I often say that protest ‘does no good.’ This statement needs to be qualified, somewhat. Protest does no good ‘on its own.’ Protest is a tactic that should be placed within a larger operational context, not, as many believe, an end in and of itself.
Protest is useful for:
– advertising or recruiting for a movement and establishing space within the public sphere
– embarrassing a center of power (an individual, a business, or a government)
– destabilizing an undesirable sociopolitical situation
– provoking a disproportionate response from a center of power in order to sway support away from it
– providing a distraction for other activities that substantially advance a particular goal
– building connections between dissident individuals and factions.
If used for the above, protest can be a successful and beneficial ‘tactic.’ If seen as the endpoint or core of a struggle, however, protest is detrimental as it consumes logistical, emotional, and organizational energy. It also puts individuals and organizations at risk of infiltration, incarceration, injury, or death. Think of protest as an energy cost rather than as a victory. You can go into the streets. You can piss off your oppressors or antagonists, but if you aren’t doing anything else it is a waste of time and energy, and a costly one.
Liberals believe that the purpose of protest is simply to advance a legislative or judicial agenda. This is dubious, as centers of power, even supposedly ‘open’ or ‘democratic ones, do not make or enforce rules for the purpose of creating justice. They do these things to create order, an order that is beneficial to oligarchs and reactionary forces who ally themselves with the centers of power. Centers of power also do not follow their own rules. Law and ethics are what people decide they are at any given moment, and this decision is, more often than not, made by powerful people rather than any supposedly objective moral metric.
You have the same agency to declare something just or unjust as any police officer, judge, court, or state jurisdiction. These actors are arbitrary, and these decisions are enforced with violence, and therefore devoid of any objective metric of just authority. The catch, of course, is that after you decide what is just and act on it, you and others must live with the consequences. Keep this in mind at all times. But if destruction and violence were ineffective or somehow ‘wrong’ in the eyes of the universe (or in the eyes of states), there would be no police departments, prison guards, or soldiers. Violence and destruction work. They are the only effective tactic when persuasion fails. States know this. You should understand it as well. There is no one keeping score but those who live, think, and feel right now. They are the only ones who matter in any practical analysis. Thinking otherwise is the child’s psychology of obedience that centers of power wish to cultivate. There is no God or elevated force judging you for anything. You are your own master. You choose. You act. You must go to bed at night, every night, with what you have done. It’s that simple.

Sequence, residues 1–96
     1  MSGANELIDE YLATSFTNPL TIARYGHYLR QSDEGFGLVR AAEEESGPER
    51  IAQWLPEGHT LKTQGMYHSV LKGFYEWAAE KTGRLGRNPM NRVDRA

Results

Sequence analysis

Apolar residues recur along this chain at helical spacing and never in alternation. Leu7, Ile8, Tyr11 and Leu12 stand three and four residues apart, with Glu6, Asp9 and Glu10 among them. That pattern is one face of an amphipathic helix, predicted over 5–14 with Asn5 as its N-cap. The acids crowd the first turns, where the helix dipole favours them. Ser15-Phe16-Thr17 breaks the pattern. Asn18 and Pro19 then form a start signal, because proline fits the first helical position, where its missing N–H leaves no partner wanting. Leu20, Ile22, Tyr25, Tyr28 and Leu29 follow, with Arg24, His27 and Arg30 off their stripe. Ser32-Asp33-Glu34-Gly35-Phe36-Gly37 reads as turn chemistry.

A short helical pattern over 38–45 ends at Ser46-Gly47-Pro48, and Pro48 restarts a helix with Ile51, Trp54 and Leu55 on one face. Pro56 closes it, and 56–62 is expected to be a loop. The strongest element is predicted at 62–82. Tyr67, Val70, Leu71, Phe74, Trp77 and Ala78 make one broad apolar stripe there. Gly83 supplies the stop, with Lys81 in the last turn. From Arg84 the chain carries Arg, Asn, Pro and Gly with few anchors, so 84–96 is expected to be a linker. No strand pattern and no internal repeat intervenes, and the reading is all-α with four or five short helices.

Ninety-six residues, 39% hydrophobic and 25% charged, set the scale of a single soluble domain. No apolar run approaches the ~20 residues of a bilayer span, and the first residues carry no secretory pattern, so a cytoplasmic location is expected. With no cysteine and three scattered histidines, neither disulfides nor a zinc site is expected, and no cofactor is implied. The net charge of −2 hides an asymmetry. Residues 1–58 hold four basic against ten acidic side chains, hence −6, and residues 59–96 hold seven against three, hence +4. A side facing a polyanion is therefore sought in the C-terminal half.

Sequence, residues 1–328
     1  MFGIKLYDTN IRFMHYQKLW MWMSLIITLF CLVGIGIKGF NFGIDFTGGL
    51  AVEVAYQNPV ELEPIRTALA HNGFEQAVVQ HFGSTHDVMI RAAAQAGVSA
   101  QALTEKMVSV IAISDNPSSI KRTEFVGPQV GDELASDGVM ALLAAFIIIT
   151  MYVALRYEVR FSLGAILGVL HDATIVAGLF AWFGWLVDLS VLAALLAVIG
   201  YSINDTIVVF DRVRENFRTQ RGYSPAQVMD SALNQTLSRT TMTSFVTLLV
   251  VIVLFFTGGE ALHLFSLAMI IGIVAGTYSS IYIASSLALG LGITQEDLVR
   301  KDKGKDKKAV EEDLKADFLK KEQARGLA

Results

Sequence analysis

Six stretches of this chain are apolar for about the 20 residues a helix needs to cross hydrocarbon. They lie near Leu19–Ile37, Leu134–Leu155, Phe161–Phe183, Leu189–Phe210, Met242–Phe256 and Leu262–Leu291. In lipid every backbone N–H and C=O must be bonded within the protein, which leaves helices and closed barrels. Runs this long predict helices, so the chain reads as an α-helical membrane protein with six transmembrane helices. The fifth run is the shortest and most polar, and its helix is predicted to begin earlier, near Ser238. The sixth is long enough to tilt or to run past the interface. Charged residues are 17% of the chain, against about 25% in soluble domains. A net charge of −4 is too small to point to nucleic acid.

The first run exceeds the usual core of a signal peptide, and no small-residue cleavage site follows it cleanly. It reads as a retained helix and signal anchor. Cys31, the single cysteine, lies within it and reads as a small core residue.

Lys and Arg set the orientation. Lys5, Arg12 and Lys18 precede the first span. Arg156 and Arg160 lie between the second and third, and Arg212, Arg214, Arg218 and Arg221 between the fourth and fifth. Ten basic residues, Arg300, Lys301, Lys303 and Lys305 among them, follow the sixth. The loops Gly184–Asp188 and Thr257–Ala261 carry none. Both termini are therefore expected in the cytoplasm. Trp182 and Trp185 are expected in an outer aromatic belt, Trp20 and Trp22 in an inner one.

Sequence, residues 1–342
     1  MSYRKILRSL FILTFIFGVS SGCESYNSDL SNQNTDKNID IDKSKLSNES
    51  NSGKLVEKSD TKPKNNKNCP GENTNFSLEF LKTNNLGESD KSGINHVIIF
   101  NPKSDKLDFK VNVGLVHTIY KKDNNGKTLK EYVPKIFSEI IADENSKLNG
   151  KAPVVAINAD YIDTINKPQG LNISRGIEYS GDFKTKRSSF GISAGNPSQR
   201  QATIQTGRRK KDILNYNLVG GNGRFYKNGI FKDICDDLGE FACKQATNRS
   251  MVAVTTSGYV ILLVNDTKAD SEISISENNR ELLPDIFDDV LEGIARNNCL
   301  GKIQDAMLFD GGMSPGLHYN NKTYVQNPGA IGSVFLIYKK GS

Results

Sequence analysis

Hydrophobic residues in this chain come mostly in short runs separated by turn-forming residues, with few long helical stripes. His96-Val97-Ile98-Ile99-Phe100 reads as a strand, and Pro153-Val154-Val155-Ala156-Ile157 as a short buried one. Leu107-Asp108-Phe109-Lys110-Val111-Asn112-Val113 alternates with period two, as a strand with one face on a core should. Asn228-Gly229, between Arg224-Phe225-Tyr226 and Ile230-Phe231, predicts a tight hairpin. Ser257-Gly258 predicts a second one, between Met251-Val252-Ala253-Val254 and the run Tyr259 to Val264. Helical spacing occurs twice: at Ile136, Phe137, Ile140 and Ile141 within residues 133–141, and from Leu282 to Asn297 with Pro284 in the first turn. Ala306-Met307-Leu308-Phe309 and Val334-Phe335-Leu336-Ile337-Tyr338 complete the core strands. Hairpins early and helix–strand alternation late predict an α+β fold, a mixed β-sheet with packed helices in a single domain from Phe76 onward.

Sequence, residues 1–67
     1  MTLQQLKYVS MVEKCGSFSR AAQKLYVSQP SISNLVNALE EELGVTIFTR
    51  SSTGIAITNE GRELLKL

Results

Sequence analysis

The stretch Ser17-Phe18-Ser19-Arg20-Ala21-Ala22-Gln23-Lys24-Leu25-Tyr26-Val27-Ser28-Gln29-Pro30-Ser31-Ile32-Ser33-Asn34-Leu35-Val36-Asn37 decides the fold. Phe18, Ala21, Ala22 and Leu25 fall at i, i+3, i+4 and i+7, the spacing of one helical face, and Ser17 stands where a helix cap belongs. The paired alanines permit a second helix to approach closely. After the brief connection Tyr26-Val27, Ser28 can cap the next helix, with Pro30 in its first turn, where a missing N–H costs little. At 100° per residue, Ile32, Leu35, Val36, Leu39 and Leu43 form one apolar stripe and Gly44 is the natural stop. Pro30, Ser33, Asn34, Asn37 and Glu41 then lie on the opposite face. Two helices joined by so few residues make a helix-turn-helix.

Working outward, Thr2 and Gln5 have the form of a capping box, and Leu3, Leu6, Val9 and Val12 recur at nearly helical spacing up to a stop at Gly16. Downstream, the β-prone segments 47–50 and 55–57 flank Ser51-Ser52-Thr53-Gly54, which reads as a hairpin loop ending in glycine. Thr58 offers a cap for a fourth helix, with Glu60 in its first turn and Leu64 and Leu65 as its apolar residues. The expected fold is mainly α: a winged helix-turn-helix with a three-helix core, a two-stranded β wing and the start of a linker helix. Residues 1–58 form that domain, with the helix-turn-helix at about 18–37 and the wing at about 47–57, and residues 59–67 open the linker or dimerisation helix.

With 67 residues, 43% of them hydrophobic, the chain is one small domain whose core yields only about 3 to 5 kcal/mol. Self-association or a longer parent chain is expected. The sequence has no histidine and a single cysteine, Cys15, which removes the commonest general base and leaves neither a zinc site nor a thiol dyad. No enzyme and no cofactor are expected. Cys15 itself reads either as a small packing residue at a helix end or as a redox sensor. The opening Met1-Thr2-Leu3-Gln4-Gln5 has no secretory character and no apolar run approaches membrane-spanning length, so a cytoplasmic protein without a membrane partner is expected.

Most importantly, protest is not an attempt to secure ‘rights.’ A right is simply permission granted by some center of power, permission that can be, and often is, revoked at any given moment for any arbitrary reason (usually to serve the interests or whims of power). To, unironically, quote the history instructor from the film ‘Starship Troopers,’ “something given has no value.” If your goal is to secure greater permission from a parent, particularly an abusive parent, you will always be subject to further abuse when the social climate changes. Only that agency, internally and within the social world, which is taken and held by practical means persists. Only that agency is real. Anything else is, like undirected protest, a waste of time and energy. Legal and political processes can be tactically beneficial, but they should be employed cynically and with the understanding that they will be dropped or bypassed at any moment should they prove disadvantageous. The fascists understand these truths, you should too.
And regardless of what moral metric you are applying to your actions or your movement, when a center of power starts hurting or killing you, all bets are off. You are morally justified in taking any action whatsoever to protect your person, to protect others, or to protect life. Self defense is not limited to the moment. There is a meta component to it, something that bullies everywhere understand very well but absolutely hate to acknowledge.
Some people or ideas just aren’t needed. They do more harm than good, to everyone. Any gardener knows that a happy, healthy garden involves pulling weeds. It involves violence. It involves making a judgment call about what to keep and what is causing more harm than good. This is the only law that matters, the law of nature and the nature of reality as it is, not as it is perceived through constructed human perception or faux moralizing. Fascists are correct about that. Where they go wrong with their ‘survival of the fittest’ analogy is in assuming that ‘fitness’ is some intrinsic quality. It is not. It is forged through education and experience and introspection and planning.
What I have described to you is how I perceive freedom, and how I perceive struggle, and how I feel that any effective struggle for justice or safety must approach conflict in order to be successful in the long term.
The only person you answer to is yourself. To do otherwise is to live and die as a slave.